Note available here.
This paper provides a comment on the Regulatory Technical Standard (RTS) recently issued by the European Banking Authority’s (EBA) on the use of the Purchased Receivables Approach (PuRA) by European banks. The RTS is designed to clarify an important component of the Basel 3 rules for securitisation capital as applied to banks in Europe. The PuRA would be used by banks to calculate inputs to the SEC-IRBA, the most advanced of the hierarchy of approaches that banks are permitted to employ when calculating regulatory capital for securitisation exposures in the banking book.
To illustrate the implementation of the PuRA, we estimate a set of models based on European Data Warehouse (ED) data for residential mortgages. We estimate models for 8 European countries using loan level data for the pools of 504 Residential Mortgage Backed Security deals. We are able to formulate models at country, originator and deal levels. We examine how data from these different models may be combined to estimate PDs for a single notional deal. We discuss how adjustments may be made for originator underwriting standards and for different Margins of Conservatism. The exercises we perform help us to identify ways in which the EBA’s RTS could be helpfully extended or made more precise.
We conclude that there are three areas in which the RTS could be clarified. First, the RTS state that the data hierarchy for banks implementing the PuRA is the inverse of what would normally hold for an IRB model implementation in that external data on exposures resembling those of the securitisation pool in question should be preferred to the bank’s internal data on loans that it has originated itself. This implies that PuRA modelling should be considered as the development of a methodology that can be applied to multiple datasets in a dynamic way as securitisation deals present themselves. It would be helpful for the EBA to acknowledge this as it represents a significant departure from the usual IRB modelling practice and has multiple important implications.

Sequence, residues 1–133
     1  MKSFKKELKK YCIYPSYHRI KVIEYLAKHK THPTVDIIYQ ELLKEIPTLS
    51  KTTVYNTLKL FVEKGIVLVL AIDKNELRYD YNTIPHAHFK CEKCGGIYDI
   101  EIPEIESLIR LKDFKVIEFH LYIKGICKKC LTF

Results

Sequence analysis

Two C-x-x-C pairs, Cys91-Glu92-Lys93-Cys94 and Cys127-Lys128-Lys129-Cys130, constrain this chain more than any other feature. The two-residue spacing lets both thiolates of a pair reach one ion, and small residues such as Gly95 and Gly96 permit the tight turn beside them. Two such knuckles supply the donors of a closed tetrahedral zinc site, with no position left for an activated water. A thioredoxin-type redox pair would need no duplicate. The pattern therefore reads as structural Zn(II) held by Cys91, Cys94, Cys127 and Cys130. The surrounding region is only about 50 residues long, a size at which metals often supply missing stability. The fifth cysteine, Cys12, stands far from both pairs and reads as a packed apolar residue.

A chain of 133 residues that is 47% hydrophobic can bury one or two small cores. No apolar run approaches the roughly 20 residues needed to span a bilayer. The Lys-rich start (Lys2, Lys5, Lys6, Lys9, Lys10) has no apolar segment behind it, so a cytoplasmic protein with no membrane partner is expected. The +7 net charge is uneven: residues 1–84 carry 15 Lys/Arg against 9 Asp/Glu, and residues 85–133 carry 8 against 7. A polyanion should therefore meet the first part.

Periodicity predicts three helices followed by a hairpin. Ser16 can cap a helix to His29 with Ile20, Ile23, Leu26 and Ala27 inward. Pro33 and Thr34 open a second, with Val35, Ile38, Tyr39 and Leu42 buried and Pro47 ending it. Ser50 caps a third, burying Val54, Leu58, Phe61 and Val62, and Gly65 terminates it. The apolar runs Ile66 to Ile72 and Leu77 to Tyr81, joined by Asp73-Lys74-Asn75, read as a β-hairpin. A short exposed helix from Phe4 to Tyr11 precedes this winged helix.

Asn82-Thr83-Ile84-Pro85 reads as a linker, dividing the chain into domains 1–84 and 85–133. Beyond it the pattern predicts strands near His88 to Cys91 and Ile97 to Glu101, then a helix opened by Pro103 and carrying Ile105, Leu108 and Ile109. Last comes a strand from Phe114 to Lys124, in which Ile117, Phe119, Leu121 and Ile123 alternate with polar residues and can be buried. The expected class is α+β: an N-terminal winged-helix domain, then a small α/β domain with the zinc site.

Second, the EBA has provided little guidance in the crucial area of what data is acceptable. A key question is whether aggregate performance data of the sort contained in securitisation market investor reports and used by ratings agencies in risk analysis of securitisations may serve as the basis for analysis or whether loan level data is essential to obtain supervisory approval. This study employs loan level data but we are aware that ratings agencies often analyse securitisations on the basis of cumulative default curves broken down by vintage.
Third, the EBA’s 2017 guidelines on IRB modelling require banks implementing IRB models to develop Margins of Conservatism and to allow for the impact of underwriting standards. While significant in other IRB exercises, these two requirements are central to PuRA modelling involving as it does multiple data sources used in a varied and dynamic way. Making all aspects of these activities fully statistical and data driven (without judgmental input) appears scarcely feasible. Acknowledging this even while stipulating that any judgments be prudent and evidence-based would be helpful.